ST. LOUIS, Mo. – ACLU of Missouri announced the launch of a new undergraduate fellowship program, centered on social justice reform.
The announcement came on Tuesday and is in collaboration with the Harris-Stowe State University, stating that both the university and the organization hope to be a “stepping-stone” in young peoples’ pursuit of advocacy and activism.
“This newly created fellowship, partnered with the academic education of Harris-Stowe University will provide students with experiential learning and a space to develop professionally marketable skills,” Terry Daily-Davis, assistant dean of the College of Arts and Science at Harris-Stowe State University, said.
Notably, many students’ awareness and experience of the injustices in St. Louis of socio-economics are learned through the academic lens. Through the new Social Justice Fellowship, the “academic void” will be filled by providing students with both a comprehensive and immersive learning experience. According to a news release, this experience will highlight civic and community engagement.
“Upon completing this fellowship, it is our hope HSSU students will see it as their societal responsibility to stay connected and involved in social justice issues,” Daily-Davis said.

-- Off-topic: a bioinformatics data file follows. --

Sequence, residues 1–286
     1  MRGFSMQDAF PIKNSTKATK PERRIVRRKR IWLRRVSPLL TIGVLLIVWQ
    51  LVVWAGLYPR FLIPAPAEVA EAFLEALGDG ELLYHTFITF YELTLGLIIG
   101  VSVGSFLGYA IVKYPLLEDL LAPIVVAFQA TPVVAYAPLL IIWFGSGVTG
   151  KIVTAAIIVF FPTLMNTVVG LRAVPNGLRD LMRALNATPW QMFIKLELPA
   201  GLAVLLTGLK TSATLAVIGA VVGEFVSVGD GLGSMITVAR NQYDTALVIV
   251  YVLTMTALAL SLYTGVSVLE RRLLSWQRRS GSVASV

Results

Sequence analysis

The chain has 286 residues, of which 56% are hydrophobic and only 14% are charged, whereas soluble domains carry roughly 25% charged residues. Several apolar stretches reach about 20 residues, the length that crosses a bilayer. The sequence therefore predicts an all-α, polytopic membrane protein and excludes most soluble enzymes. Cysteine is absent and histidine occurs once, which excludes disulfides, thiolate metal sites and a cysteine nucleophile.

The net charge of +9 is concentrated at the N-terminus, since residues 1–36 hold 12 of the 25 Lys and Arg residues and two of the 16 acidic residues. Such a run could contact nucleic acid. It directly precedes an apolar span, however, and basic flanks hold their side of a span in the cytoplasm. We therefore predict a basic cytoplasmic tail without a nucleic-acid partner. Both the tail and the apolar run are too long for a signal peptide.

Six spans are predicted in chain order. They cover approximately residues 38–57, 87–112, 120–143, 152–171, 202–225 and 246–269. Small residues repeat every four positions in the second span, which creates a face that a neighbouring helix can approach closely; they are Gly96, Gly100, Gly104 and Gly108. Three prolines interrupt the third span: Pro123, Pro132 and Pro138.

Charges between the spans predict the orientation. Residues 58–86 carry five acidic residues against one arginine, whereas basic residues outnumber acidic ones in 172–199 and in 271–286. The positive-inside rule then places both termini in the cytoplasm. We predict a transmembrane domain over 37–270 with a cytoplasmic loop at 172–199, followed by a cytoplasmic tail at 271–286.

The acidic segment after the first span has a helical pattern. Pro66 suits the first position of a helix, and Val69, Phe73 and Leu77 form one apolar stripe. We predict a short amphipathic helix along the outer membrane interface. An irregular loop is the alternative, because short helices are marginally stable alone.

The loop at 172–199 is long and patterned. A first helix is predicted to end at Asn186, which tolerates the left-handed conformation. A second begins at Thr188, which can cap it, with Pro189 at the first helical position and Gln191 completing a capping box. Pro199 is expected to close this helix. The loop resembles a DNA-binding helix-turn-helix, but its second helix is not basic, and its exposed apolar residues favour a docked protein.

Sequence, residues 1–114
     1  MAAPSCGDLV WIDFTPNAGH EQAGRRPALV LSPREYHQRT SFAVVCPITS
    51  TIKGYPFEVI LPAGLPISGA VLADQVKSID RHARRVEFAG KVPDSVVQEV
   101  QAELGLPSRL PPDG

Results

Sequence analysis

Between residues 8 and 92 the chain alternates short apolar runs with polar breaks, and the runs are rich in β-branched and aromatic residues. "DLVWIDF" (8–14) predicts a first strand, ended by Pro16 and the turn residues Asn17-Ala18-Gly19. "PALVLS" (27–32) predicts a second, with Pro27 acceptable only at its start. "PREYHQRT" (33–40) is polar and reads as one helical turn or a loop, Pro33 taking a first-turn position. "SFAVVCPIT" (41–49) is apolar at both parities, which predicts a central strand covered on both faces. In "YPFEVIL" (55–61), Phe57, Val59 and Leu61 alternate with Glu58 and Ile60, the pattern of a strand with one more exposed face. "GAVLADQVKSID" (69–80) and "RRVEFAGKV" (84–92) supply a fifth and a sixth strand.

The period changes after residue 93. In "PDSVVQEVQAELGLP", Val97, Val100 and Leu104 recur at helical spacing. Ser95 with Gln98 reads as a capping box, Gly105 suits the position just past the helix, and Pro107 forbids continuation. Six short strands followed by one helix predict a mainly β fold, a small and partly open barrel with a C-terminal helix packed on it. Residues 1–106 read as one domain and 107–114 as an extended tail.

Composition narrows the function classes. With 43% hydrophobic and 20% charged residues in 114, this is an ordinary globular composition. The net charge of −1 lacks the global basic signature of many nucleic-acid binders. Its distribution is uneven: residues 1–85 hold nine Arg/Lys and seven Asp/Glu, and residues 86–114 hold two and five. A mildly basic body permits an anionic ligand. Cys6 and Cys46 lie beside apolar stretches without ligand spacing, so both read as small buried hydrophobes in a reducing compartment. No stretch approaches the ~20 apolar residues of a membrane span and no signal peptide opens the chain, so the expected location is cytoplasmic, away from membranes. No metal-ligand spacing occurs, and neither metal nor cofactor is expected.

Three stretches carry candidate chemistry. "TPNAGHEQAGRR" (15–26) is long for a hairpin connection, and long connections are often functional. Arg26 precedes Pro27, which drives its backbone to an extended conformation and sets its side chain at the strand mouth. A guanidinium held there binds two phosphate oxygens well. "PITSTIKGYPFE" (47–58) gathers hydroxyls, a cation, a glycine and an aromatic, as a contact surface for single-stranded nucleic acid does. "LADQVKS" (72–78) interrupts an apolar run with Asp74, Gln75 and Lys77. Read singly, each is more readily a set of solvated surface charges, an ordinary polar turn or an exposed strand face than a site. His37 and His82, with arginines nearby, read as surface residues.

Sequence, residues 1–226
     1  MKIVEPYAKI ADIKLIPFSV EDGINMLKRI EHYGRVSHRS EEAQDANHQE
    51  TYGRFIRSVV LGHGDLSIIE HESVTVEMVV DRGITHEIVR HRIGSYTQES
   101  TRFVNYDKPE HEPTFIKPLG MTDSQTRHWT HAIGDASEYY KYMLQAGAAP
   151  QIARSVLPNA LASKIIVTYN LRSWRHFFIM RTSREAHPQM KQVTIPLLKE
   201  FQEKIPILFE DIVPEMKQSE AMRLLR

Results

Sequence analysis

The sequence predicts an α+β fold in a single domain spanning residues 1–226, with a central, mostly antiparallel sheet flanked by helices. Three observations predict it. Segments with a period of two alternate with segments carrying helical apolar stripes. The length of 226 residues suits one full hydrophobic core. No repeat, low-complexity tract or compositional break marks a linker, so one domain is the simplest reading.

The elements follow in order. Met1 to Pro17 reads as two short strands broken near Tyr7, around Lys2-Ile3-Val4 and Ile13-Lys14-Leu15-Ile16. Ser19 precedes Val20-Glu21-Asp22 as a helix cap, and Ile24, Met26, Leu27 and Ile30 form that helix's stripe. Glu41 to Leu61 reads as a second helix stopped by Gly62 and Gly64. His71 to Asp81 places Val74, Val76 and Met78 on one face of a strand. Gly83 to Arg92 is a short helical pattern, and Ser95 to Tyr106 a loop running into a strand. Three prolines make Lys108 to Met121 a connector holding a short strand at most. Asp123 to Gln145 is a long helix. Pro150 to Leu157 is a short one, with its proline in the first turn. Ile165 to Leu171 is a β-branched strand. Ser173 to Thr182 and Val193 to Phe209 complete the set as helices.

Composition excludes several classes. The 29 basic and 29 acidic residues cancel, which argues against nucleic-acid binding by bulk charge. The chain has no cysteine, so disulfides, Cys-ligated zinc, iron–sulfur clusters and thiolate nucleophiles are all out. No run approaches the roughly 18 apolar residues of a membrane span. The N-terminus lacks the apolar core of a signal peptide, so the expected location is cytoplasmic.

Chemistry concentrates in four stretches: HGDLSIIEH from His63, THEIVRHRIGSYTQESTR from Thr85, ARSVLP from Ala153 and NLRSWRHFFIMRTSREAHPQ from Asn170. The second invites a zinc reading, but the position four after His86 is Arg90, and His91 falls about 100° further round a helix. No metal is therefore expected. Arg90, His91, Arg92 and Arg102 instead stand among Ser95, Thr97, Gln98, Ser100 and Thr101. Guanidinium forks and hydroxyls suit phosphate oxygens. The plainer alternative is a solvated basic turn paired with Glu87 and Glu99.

HSSU students majoring in political science, sociology and urban affairs have had internship placements with ACLU of Missouri since 2017. According to the release, the university sees this new program as a natural “next step” in creating more opportunities for its students.
The fellowship program aims to create an open learning space for HSSU students to push boundaries, challenge conventions, approach deeply entrenched problems, identify emerging issues and provide a foundation for social justice reform in St. Louis.
“We intentionally partnered with Harris-Stowe State University because we want to see those groups most impacted and reflected in our work at ACLU,” Elaine Sutton, legal support coordinator of ACLU of Missouri, said. “This Social Justice Fellowship will provide students from under-represented groups, who are not well-resourced and well-networked, with the opportunity for direct, on-the-ground engagement involving issues they are all too familiar with.”
Jeffrey Mittman, executive director of ACLU of Missouri, said the organization recognizes its role in supporting future leaders and also encouraging the development of their nonprofit management as well as their grassroots mobilization and policy research skills.
“It is especially important to use that we move in new directions to work with young people and learn from them,” Mittman said.
Applications for the Social Justice Fellowship program are due on February 14, 2019, at 11:59 pm EST. Applications must be submitted via email to email@example.com.
The fellowship guidelines and application can be found online.